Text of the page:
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Opinion

While the first days of studying abroad can be exhausting, it’s well worth it

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February 18, 2016

The steamy heater was a steady whir in the background as I stared up at the bunk bed overhead, while yelling and footsteps echoed around the hallway and made its way into our little room. I was awake for too long thinking about everything I have been able to do in Scotland so far, and how my time traveling around this country has felt so much longer than just the two weeks it has actually been.

Deciding to commit to the International Traveling Classroom program was easy for me. When you know you want to travel, deciding to just go and do it is the best and simplest part, and those early days when I was accepted was the best feeling; a combination of elation over not having to park on campus for a whole semester, and the feeling of disbelief about the opportunity I have to see so much of Europe.

That first day I flew out it still hadn’t hit me that I was actually leaving- leaving behind my family, and especially the comfort of having a routine. The first few days in Scotland, or more specifically in Dalkeith and Dalketith Palace, where we would be staying with other students from Wisconsin universities around the state, passed by in the kind of fog I can only imagine new parents go through. Or maybe I’m being overly dramatic and that’s what staying up for almost two days, plus having a touch of jet lag feels like. Either way, it was not enjoyable. Two plane rides from MSP to Edinburgh and my eyes barely closed as they were too busy being lured to look out the window and at the views, and glued to the screen in front of me.

Eventually I did recover from those first few days of being a well-fed zombie and plunged head first into group travel life and this new world of Scotland. It turned out that most of the information and facts I learned in Scotland were all new to me, as it seems that here in the States we often forget that Scotland even exists. One of my favorite stories came from the very first tour of Edinburgh we took as a group with a graduate from the University of Wisconsin – River Falls, and a current graduate student of the University of Edinburgh. We stood on the green space of the quad while he told us of the ‘entrepreneurs’ Burke and Hare who used tunnels underneath the quad to smuggle dug-up bodies from nearby graveyards into the medical labs for the purpose of studying the bodies’ anatomy. Burke and Hare couldn’t escape notice when they drew attention to themselves as they began to steal more and more newly-dead bodies. However, the people of Edinburgh were not dying fast enough for Burke and Hare who soon began to take matters directly into their own hands and became murderers on a mission to procure more and more bodies in the name of medical advancement. I’m pretty sure my mind was made up at this point that I would love to go to a school that could boast of such a history. North Hall is pretty old, but pretty mundane when compared to smuggling dead bodies in the dark of the night.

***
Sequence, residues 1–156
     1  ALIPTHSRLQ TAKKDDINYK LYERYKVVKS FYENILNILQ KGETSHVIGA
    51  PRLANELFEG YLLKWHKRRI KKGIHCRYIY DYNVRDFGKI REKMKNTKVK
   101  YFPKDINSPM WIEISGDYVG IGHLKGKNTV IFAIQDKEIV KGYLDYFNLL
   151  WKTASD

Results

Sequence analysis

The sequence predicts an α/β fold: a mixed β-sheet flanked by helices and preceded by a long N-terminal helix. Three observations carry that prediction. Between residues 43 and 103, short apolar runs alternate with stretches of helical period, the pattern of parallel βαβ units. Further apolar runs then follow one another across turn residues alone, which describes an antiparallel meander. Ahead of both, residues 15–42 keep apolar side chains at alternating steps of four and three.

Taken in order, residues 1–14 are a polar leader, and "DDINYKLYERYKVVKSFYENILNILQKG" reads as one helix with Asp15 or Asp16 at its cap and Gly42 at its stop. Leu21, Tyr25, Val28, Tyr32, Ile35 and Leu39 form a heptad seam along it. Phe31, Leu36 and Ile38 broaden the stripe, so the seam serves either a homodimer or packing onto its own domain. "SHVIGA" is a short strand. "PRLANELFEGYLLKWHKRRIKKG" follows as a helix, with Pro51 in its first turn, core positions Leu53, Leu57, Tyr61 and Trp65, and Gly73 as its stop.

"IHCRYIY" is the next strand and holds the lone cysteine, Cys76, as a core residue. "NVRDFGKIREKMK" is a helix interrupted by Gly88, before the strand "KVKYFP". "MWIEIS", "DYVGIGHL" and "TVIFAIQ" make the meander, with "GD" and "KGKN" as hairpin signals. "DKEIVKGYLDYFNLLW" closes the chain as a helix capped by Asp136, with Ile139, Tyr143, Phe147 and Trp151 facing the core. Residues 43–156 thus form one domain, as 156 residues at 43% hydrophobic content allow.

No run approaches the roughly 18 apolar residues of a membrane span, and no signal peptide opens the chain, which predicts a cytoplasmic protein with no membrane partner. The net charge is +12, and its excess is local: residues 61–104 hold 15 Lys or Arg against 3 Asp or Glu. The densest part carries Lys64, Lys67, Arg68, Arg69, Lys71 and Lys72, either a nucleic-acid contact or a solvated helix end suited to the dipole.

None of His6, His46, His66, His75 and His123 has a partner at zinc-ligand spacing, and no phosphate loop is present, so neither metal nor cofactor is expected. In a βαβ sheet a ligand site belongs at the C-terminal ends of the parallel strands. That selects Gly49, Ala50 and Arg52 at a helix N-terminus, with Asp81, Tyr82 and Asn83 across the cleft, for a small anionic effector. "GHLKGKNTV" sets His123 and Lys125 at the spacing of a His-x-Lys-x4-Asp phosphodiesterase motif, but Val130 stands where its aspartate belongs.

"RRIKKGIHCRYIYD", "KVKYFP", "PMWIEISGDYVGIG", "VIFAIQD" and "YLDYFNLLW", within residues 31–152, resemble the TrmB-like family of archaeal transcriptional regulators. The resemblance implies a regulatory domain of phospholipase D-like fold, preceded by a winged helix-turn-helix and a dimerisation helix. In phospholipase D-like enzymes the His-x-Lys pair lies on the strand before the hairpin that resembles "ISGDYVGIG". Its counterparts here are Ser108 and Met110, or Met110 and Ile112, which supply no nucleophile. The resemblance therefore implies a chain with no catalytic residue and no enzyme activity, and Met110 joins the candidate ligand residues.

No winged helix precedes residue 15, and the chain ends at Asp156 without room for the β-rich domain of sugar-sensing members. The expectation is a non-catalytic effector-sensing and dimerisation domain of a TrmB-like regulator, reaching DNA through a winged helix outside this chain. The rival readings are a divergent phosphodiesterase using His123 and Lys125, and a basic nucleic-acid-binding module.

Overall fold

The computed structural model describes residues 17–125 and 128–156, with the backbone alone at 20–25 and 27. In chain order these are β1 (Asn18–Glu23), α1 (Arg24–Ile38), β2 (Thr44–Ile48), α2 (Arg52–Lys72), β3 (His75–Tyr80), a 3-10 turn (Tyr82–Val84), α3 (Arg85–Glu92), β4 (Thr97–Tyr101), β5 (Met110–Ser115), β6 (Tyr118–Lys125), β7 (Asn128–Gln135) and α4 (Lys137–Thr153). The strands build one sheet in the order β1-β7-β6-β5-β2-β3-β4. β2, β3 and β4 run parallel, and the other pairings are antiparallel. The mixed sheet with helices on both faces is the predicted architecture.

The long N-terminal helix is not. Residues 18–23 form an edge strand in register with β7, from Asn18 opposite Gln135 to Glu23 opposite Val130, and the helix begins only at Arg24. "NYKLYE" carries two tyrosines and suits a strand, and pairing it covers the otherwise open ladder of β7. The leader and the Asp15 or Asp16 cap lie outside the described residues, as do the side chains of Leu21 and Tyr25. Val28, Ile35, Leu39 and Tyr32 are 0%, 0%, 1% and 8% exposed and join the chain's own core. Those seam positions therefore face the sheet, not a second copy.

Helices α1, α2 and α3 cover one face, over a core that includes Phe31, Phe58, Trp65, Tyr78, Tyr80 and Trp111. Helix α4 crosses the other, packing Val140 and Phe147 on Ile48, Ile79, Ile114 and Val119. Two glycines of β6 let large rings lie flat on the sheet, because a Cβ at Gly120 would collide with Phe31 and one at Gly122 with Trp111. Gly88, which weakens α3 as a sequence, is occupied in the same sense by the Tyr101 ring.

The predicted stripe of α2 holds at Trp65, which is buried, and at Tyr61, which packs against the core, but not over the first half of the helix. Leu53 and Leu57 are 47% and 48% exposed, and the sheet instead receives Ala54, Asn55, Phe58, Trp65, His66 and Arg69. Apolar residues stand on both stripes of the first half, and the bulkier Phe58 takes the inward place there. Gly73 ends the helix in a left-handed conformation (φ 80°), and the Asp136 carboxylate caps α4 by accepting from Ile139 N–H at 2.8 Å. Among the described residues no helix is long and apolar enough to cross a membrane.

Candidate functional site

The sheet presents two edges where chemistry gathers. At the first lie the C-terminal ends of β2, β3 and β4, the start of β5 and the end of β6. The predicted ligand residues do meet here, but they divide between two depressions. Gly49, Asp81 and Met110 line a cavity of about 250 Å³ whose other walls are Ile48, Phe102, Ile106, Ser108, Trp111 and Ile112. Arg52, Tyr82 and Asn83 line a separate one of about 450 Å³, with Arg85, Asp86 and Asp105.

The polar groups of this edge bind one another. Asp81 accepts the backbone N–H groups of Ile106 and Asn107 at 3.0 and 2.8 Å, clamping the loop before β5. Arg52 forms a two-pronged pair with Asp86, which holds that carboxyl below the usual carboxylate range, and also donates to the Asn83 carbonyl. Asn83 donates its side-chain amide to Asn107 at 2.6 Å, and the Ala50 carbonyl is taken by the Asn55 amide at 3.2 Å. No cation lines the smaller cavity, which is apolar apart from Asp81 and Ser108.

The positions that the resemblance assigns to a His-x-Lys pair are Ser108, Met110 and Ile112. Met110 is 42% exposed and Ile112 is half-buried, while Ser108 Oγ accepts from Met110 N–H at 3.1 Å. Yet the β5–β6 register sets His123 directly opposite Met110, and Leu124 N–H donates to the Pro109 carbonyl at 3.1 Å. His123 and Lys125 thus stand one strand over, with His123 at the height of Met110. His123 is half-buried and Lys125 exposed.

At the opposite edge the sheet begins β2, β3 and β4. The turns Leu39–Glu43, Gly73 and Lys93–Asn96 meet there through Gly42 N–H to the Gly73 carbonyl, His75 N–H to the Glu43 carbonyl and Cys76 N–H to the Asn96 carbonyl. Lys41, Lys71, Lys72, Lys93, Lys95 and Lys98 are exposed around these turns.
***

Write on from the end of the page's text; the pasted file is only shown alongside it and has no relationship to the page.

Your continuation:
Those last few days I was in Edinburgh, the castle over my right shoulder and the National Gallery on my left, I think that’s when it finally hit me about where I was. I couldn’t decide if that meant I was taking this experience for granted, or if I couldn’t yet believe that my dreams were finally coming into fruition. Either way; there is nothing quite like that moment when you are someplace you have been working so hard to get to and taking in every sight, sound, and smell you can. I would equate it to that first time you read that great book or that very first taste of ice cream, you’ll never get that same feeling again no matter how many times you repeat the experience.

Lauren Simenson is a student at UW-River Falls.